3D Printed Cobra

Discussion in 'Auto News' started by Kelvari, Jan 14, 2015.

  1. Kelvari

    Kelvari

    Messages:
    314
    Location:
    United States
    Just saw this article on C|Net talking about how they might start printing Concept cars (instead of the traditional clay-model approach).

    [Source]

    I know some will call foul for giving it an electric motor instead of a 427, but this car is admittedly more tech demo than techno-resto.
     
    Inferno251 likes this.
  2. 05XR8

    05XR8

    Messages:
    29,054
    Location:
    Australia
    Amazing. Anything that can be created without a big-a** factory, just by pressing "Enter" or clicking the wireless mouse or waving a finger over the screen, is simply amazing.
     
    Furinkazen and Naveek Darkroom like this.
  3. RACECAR

    RACECAR Premium

    Messages:
    31,651
    Location:
    United States
    That's amazing. I think once this has time to get better and more widely used, this might end up replacing a lot of the manufacturing process in Motorsports.
     
  4. niky

    niky Moderator

    Messages:
    23,800
    Location:
    Philippines
    3D printing, right now, is basically like a cheap CNC machine for smaller enterprises. Except it works with plastic instead of metal.

    We don't CNC or 3D print cars in their entirety because it's more expensive than simply stamping out the chassis on big presses...

    Still, I can see where @RACECAR is going: 3D printing will definitely help with rapid prototyping and making one-off parts for motorsports use... and in the future, it could even help usher in a renaissance of restoration parts fabrication for cars with out-of-production trim and cosmetic parts.
     
    Inferno251, Slash, Jump_Ace and 2 others like this.
  5. R1600Turbo

    R1600Turbo Premium

    Messages:
    50,111
    Location:
    United States
    I was doing some testing last year that required a counter measure part for an interior piece. The replacement test part had been 3D printed.
     
    Kelvari likes this.
  6. Eunos_Cosmo

    Eunos_Cosmo

    Messages:
    6,286
    Location:
    Iran
    I don't think some processes will ever be replaced. I cannot foresee anything 3D printed being comparable in strength to forging or milling.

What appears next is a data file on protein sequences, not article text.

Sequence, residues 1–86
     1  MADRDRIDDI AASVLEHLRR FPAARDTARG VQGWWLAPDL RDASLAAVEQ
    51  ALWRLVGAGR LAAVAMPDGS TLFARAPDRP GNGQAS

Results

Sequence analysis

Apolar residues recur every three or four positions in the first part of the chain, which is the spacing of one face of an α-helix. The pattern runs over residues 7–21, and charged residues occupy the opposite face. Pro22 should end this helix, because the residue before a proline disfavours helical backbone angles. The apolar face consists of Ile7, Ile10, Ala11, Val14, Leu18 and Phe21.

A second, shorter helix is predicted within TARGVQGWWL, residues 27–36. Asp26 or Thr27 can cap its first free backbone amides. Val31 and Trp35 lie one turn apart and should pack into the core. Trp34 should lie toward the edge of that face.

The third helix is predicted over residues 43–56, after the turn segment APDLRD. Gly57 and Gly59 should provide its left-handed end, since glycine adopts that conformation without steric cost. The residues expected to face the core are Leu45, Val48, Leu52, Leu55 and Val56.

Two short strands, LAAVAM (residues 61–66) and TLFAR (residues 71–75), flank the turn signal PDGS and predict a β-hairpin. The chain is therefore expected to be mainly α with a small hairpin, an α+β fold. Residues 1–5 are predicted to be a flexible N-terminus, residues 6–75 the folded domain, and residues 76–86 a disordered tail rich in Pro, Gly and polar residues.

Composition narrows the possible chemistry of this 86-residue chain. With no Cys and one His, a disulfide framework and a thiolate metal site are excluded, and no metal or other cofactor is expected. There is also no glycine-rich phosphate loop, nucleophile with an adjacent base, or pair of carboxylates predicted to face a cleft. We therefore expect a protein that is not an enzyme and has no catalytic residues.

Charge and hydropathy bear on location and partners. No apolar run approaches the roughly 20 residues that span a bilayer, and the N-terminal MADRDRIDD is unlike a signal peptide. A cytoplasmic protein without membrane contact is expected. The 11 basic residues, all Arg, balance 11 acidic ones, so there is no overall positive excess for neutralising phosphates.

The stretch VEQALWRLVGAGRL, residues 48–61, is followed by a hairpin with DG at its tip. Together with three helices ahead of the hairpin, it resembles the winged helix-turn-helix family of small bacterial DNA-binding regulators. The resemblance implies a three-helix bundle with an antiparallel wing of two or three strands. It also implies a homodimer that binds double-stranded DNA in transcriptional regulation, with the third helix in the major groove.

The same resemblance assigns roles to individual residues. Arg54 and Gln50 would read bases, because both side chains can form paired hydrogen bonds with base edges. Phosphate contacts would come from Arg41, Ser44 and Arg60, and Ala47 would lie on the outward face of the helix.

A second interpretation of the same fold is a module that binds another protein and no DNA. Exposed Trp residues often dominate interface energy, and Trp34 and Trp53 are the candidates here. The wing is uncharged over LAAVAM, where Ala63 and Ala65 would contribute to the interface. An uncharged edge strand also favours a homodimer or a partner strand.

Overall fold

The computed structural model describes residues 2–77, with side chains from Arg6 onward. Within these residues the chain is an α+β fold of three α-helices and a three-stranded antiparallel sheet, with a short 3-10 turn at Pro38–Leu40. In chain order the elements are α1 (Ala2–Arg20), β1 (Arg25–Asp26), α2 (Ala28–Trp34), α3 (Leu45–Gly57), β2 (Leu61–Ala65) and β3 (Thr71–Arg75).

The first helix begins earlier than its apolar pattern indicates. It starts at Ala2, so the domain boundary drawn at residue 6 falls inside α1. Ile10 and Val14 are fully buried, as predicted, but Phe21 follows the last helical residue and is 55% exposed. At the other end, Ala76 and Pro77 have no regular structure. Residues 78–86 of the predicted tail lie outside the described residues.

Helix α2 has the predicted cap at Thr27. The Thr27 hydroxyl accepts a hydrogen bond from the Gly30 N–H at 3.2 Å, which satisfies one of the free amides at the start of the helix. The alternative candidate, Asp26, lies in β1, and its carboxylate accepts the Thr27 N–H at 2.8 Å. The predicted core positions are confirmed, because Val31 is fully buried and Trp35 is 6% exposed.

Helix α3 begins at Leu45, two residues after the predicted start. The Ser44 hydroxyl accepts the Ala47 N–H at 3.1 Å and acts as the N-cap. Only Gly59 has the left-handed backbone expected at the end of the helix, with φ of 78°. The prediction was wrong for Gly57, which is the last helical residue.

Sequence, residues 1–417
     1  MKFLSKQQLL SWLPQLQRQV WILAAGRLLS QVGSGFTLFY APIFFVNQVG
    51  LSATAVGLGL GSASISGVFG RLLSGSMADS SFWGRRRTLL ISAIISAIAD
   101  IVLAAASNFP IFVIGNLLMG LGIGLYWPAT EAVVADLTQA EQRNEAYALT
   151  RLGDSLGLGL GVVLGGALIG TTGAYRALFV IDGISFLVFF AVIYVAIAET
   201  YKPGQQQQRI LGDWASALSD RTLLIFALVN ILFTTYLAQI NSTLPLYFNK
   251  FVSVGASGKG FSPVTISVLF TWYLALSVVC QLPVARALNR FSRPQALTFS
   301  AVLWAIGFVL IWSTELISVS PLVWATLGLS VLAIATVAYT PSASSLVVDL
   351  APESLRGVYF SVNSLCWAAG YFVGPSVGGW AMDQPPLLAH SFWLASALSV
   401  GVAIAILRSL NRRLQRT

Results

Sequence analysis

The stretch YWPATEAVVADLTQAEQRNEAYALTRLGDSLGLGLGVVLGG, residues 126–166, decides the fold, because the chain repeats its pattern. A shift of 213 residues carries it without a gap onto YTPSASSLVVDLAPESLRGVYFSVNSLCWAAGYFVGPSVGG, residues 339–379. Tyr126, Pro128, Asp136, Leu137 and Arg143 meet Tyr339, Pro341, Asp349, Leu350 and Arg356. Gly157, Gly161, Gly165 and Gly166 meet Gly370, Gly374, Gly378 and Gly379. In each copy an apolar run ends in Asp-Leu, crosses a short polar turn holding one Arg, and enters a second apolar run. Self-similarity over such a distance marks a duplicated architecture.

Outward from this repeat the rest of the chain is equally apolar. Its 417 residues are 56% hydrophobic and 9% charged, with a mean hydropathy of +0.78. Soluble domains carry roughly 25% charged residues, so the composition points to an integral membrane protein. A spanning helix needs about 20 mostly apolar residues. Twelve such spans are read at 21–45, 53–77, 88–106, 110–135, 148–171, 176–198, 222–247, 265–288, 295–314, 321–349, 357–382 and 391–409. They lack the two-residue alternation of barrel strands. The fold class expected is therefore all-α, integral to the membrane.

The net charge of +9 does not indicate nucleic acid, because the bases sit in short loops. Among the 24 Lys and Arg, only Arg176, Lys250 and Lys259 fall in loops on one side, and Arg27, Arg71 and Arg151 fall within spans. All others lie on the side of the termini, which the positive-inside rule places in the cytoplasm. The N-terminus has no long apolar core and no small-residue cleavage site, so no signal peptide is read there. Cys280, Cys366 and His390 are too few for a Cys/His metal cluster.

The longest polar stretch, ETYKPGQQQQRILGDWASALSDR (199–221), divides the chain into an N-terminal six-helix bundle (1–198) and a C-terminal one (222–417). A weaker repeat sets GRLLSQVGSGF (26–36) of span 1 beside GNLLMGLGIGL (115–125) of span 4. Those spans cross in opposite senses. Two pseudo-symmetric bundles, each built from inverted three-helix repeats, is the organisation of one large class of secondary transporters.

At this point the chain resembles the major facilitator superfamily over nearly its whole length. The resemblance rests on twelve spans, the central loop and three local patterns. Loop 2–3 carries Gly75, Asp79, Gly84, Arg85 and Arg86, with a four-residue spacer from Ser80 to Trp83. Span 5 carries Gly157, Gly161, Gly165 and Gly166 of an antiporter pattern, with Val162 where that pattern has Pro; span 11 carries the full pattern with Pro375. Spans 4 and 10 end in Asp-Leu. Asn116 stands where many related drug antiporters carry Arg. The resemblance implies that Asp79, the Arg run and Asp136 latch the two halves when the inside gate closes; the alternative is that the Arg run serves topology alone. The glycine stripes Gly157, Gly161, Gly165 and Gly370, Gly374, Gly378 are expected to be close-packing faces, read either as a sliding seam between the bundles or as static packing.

Connoissuer likes this.
  7. Kelvari

    Kelvari

    Messages:
    314
    Location:
    United States
    Given the disastrous results of the 3D-printed plastic guns, I'd have to agree with you so far.
     
  8. R.S

    R.S

    Messages:
    336
    Location:
    Australia
    3D printing is being done with metal also, they are already making aeroplane parts with it which are lighter and stronger than what they were making with casting.
     
  9. niky

    niky Moderator

    Messages:
    23,800
    Location:
    Philippines
    Certainly possible, you aren't as geometry-constrained with 3D printing as you are with casting. Still, in the long run, casting is cheaper if you're doing it for high production numbers... which is why 3D printing will remain limited in scope for automotive use.
     
    Inferno251 likes this.
  10. ClydeYellow

    ClydeYellow

    Messages:
    2,430
    Actually, sinterized parts already have some very remarkable mechanical properties, and the capabilities of laser sintering are improving everyday. SLS is already moving out of the realm of rapid prototyping and is being used in limited run manufacturing.

    People said the same thing about some materials thirty years ago - when composite materials first appeared in the world of automotive engineering, people were skeptical.

    Hm, not necessarily. Casting is an energy-intensive process that requires quite extensive facilities; the molds are incredibly expensive and have to be replaced quite often; also, a cast piece usually requires further work (machining, surface treatment). Eventually, when the build speed will be increased - by a factor of ten according to some experts- spesinterizing will allow to significantly cut manufacturing time. Also, it makes working with certain materials (like steel superalloys or titanium) far easier, and it allows for the production of parts of optimal shapes that drastically reduce the need for maintenance (as an example, turbine blades made with the SLM process could potentially reduce turbine repair costs by 40%).